- it recognised the right to receive education in the language of one’s choice in public educational institutions, where such education is reasonably practicable.
- People belonging to cultural, religious and ethnic communities would be able to enjoy their culture, practise their religion and use their language.
One of the central goals of the FW de Klerk Foundation is to monitor the manner in which the state respects these rights in practice – and to promote and defend the cultural and language rights of all our communities.
The accommodation of diverse immigrant groups has also become one of the most controversial issues in Europe. It has played a decisive role in recent European elections. It has led to ugly reaction and riots and was a major factor in the British decision two years ago to leave the European Union. For a number of countries the arrival of indeterminate numbers of refugees is creating unsustainable human, political and logistic problems.
The European Union is confronted by the challenge of striking a balance between core humanitarian values and political reaction. It must also take into consideration the need to facilitate the immigration of sorely-needed skilled workers – necessitated by the expected decline of its work force by 20 million people by 2030.
Immigration and demographics also played a central role in the 2016 election of President Donald Trump. Trump supporters fear that the traditional European-descended dominance of the United States is under threat from changing demographics – and particularly from the emergence of Hispanic Americans as the country’s largest ethnic minority. Hispanics will include more than 100 million people – or one in four Americans – by 2050. Already they make up more than a third of the populations of Texas and California and more than 40% of the population of New Mexico. But should they accept the convention that all migrants should eventually become English-speaking – or will the United States increasingly have to accept bilingualism and multi-lingualism?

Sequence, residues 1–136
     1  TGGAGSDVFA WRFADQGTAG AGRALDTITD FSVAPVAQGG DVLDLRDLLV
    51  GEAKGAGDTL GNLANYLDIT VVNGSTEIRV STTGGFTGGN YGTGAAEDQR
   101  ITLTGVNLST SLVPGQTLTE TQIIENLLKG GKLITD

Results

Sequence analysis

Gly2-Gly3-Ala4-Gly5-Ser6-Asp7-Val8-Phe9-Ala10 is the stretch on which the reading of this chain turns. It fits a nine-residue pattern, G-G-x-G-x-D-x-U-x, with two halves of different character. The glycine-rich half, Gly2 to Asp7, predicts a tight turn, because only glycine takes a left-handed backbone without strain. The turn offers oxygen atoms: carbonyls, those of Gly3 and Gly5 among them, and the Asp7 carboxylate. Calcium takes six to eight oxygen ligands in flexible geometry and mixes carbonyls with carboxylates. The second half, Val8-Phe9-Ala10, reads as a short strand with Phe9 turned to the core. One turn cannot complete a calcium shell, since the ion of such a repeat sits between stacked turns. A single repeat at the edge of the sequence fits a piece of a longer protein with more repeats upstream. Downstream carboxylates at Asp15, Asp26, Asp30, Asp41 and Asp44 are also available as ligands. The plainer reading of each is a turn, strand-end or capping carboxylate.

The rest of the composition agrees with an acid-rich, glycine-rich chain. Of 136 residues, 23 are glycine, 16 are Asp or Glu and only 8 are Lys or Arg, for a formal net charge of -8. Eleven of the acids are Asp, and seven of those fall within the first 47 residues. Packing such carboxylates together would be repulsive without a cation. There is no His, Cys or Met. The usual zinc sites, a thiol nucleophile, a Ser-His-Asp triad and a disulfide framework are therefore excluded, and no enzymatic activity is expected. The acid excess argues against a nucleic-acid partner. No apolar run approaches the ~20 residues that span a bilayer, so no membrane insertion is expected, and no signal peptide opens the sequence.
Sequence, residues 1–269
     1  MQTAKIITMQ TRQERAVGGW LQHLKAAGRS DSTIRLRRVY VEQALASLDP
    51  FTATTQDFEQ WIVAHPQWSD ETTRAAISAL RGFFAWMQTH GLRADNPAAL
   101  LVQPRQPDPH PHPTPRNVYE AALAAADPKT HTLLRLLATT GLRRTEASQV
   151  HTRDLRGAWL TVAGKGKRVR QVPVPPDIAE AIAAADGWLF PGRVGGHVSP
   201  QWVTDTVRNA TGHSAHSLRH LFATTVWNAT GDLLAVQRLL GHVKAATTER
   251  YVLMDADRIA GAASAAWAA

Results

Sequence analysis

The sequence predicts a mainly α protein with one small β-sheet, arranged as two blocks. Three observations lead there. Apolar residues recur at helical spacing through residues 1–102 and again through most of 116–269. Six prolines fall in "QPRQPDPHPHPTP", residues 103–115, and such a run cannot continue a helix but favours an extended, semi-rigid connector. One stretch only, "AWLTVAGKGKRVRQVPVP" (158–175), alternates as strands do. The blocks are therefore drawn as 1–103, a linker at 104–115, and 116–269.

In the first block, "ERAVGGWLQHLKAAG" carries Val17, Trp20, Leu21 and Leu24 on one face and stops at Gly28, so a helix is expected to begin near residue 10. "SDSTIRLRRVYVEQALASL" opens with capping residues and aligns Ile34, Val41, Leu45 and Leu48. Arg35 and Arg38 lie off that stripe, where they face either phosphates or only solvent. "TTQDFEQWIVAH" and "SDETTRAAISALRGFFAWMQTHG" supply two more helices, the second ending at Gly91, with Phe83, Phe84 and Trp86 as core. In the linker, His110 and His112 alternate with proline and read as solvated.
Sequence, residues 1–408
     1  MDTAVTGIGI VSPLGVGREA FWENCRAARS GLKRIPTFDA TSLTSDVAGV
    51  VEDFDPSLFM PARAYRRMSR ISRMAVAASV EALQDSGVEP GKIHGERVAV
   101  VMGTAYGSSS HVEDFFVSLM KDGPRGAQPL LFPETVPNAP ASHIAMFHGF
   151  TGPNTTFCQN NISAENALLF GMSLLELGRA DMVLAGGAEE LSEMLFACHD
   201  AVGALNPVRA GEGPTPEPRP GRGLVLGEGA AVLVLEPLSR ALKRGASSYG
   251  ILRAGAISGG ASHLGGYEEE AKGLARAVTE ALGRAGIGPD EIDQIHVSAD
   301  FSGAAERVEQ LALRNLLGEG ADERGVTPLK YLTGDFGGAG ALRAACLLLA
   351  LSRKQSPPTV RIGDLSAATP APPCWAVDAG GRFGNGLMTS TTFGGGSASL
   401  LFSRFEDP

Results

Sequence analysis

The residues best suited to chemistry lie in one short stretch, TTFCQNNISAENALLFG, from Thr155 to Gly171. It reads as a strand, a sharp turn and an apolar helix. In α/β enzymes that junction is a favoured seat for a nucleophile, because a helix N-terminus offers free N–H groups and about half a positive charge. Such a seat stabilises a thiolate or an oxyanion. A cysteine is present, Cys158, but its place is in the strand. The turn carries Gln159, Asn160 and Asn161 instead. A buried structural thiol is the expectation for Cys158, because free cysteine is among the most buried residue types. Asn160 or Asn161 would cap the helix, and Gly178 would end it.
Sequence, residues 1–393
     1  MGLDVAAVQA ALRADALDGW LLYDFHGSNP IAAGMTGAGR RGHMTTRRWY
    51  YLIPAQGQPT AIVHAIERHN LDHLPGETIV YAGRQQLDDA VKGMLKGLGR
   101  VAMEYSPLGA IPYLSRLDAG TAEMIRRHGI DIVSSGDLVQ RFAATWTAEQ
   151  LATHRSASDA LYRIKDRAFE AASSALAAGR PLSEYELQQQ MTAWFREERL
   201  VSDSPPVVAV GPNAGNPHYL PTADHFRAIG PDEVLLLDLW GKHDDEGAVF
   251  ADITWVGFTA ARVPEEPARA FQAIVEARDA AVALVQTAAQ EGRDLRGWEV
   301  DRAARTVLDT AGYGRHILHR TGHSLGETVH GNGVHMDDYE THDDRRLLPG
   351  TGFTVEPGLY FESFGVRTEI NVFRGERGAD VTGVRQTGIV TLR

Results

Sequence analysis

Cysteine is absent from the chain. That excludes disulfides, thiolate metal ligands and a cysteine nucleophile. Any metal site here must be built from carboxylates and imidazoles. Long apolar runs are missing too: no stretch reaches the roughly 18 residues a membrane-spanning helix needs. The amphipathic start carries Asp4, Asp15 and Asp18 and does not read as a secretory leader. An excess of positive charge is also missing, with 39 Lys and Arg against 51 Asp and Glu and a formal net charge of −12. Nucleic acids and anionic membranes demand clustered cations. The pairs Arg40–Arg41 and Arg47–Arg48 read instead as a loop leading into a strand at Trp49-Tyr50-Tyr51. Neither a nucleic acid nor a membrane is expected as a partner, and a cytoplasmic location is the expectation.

As we in South Africa have discovered, the answer to diversity is not secession, partition and devising ways to enable communities to live apart. It is to adopt approaches and to establish norms that will enable different cultural and ethnic communities to live together peacefully and in mutual respect within the same states.
If the international community really wants to promote harmony and peaceful coexistence in multicultural and multi-religious states, it must reach broad agreement on the rights that cultural, religious and ethnic communities should enjoy. We need to do much more to define and protect the rights of these communities throughout the world:
- We need to adopt stronger international conventions to recognise and protect the rights of cultural, religious and language minorities, just as we have already done for individual political and civil rights.
- We need to promote acceptance of the role that education can and must play in the preservation of religious, cultural and language diversity. We also need to establish the principle that states have a duty to support and finance such education.
- We need to develop overarching common values based on toleration and respect for the
rights of all individuals and communities.
- We need to measure the behaviour of governments against these norms. If we do so, I am confident that we will soon discover that the societies that are the worst afflicted by inter-communal violence are also those that have the least respect for the rights of their constituent communities.
Here, I would like to congratulate the Kingdom of Bahrain on the manner in which it is promoting and nurturing religious toleration and understanding. I have been told that within one square kilometer in Manama it is possible to find Sunni and Shia mosques, Hindu temples, churches and a synagogue.
I have also been informed about the policy of His Royal Highness the Prime Minister to ensure that communities with distinct cultural, language and religious identities are able to coexist peacefully in harmony under the full protection of the state.
However, the challenge of multiculturalism is not the only challenge that confronts the world.